Newhall Ranch: On-again-off-again massive development is off again
By Peggy Kelly
Santa Paula News
Published: October 24, 2012
The on again off again massive Newhall Ranch development is off again.
Late last month a Los Angeles County Superior Court issued a preliminary decision finding flaws in an environmental review of Newhall Ranch, planned along the Santa Clara River just over the Los Angeles County line. The proposed Newhall Ranch - initially planned for more than 21,000 residential units and five million square feet of commercial space - is located in the extreme east end of the Santa Clara River Valley.
Supervisor Kathy Long has long been a critic of the development, and she and other elected officials as well as residents have long feared the environmental impacts of the development. Of particular concern is the river that would receive the runoff from the new community that critics have long claimed could wipe out the communities of Piru, Fillmore and Santa Paula in case of severe flooding.
The Newhall Ranch issue has been controversial since it was first proposed more than a decade ago. The latest court challenge came in June 2011 when several environmental groups filed a lawsuit challenging the CEQA-mandated California Department of Fish and Game’s analysis of the project’s potential environmental impacts.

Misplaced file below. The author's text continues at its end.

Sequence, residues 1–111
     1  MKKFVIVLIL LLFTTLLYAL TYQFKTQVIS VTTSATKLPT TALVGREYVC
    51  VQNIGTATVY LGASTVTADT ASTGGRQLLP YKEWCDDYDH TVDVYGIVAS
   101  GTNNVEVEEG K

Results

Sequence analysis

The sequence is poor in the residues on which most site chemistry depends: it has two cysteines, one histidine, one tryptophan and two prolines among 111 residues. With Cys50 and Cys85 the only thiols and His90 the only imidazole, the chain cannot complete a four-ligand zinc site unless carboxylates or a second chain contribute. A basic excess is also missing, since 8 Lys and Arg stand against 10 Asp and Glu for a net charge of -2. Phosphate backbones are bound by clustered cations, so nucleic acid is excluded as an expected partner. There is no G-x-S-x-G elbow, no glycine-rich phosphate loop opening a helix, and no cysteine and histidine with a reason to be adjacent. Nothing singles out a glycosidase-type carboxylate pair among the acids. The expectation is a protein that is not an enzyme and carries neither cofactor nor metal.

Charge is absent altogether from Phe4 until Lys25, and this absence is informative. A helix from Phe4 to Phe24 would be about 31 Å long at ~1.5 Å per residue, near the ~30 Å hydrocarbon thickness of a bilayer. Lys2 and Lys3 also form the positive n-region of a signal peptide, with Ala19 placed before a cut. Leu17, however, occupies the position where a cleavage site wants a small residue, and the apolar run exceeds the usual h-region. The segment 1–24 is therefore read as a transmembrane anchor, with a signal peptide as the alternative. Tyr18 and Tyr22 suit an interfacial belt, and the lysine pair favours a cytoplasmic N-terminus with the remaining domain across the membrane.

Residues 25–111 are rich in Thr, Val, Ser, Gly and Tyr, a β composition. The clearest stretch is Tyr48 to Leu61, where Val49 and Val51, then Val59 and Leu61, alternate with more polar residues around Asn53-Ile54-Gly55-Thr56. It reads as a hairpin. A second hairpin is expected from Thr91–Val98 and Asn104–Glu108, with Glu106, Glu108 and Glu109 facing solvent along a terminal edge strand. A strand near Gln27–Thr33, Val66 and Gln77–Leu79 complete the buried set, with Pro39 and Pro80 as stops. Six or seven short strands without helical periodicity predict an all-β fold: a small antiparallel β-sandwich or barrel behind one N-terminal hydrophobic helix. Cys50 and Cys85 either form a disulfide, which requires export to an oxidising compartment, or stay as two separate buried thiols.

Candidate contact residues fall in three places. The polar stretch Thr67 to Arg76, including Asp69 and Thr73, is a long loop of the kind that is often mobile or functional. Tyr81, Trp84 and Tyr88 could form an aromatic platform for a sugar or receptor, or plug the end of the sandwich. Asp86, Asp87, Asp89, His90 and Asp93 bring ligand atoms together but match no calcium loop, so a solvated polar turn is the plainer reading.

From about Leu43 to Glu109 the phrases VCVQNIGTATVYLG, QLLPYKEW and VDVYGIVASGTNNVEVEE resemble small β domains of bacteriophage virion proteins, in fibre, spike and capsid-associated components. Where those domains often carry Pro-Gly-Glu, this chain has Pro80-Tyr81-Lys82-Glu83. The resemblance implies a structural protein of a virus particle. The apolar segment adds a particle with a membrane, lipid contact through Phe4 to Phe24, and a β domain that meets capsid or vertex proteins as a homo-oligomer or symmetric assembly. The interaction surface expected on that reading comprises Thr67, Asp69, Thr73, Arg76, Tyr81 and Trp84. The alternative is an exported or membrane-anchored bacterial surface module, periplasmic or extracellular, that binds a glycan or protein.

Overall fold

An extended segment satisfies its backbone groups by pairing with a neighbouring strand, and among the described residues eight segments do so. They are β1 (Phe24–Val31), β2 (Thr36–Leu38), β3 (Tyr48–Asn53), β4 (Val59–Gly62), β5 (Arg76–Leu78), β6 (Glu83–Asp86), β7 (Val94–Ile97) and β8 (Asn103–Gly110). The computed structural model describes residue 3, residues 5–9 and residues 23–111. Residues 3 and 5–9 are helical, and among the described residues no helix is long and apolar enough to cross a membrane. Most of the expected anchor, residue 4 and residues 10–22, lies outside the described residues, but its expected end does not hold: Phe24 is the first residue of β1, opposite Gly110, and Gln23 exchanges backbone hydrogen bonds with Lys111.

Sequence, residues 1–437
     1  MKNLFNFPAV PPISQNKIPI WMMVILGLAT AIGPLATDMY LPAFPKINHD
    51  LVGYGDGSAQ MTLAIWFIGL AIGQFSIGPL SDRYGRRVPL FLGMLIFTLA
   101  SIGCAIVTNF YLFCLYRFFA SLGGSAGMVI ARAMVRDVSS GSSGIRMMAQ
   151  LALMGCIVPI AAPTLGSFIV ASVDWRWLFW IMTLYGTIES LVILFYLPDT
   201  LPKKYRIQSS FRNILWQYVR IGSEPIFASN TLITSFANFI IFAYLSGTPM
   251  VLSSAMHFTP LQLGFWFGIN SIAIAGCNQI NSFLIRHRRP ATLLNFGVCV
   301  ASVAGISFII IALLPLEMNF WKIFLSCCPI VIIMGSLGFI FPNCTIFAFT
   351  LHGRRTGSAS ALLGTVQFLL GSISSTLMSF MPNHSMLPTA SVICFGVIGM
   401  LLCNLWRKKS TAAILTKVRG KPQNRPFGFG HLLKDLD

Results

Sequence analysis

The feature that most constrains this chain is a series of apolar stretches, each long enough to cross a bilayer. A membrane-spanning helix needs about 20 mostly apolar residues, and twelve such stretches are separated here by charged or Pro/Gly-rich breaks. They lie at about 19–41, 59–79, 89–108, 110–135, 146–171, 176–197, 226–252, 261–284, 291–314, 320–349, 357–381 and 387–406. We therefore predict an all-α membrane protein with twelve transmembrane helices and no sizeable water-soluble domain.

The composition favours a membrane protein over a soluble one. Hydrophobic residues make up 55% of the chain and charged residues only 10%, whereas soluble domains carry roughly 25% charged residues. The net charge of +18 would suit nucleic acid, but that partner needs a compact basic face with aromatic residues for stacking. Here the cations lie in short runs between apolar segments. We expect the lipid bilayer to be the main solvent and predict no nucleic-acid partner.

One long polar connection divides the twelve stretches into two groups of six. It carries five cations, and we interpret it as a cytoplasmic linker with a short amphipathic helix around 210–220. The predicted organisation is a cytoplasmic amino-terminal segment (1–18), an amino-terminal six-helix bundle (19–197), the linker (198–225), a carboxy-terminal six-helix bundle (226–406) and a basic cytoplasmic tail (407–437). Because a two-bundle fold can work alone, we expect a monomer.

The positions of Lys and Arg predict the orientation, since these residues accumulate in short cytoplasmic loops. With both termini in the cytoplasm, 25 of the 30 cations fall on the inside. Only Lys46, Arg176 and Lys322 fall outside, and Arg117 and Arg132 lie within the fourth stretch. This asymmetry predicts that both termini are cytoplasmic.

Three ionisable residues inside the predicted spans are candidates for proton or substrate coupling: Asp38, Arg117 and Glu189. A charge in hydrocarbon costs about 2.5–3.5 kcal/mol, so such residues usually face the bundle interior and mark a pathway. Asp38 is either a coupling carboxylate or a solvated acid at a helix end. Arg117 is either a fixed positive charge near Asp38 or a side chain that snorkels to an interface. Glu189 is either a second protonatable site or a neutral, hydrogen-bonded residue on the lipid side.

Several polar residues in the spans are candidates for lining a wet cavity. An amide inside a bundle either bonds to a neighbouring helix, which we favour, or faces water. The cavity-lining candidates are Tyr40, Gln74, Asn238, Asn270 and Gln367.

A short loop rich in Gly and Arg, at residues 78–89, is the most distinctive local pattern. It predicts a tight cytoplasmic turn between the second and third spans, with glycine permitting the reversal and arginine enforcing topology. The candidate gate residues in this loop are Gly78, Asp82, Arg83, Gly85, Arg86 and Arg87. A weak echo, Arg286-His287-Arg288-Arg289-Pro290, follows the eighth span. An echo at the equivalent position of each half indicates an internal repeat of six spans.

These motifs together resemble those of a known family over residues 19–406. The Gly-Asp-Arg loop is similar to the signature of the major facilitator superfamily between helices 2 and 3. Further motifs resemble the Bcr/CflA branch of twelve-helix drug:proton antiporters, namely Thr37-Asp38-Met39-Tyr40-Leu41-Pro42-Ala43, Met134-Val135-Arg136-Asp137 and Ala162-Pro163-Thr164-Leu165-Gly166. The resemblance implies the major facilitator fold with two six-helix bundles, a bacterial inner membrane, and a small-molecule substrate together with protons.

The tentative court decision could put the brakes on the project - which had planned groundbreaking for its first phase in about two years - for up to 17 years for further reviews and studies.
Although the court’s preliminary decision says several claims have no merit, it did find the environmental review fell short in areas such as its analysis of potential effects on the endangered San Fernando spineflower and steelhead habitat downstream of the project. The court’s preliminary analysis also targeted the EIR on the issue of not making it clear whether or not the large development is even needed.
The lawsuit against Fish and Game - one of several legal challenges to the project - was filed by the Friends of the Santa Clara River, Center for Biological Diversity, the Santa Clarita Organization for Planning the Environment, the California Native Plant Society, the Wishtoyo Foundation and Ventura Coastkeeper.
The Santa Clara, Southern California’s last major free-flowing river, travels from Acton to the ocean and is considered one of the most endangered rivers in America.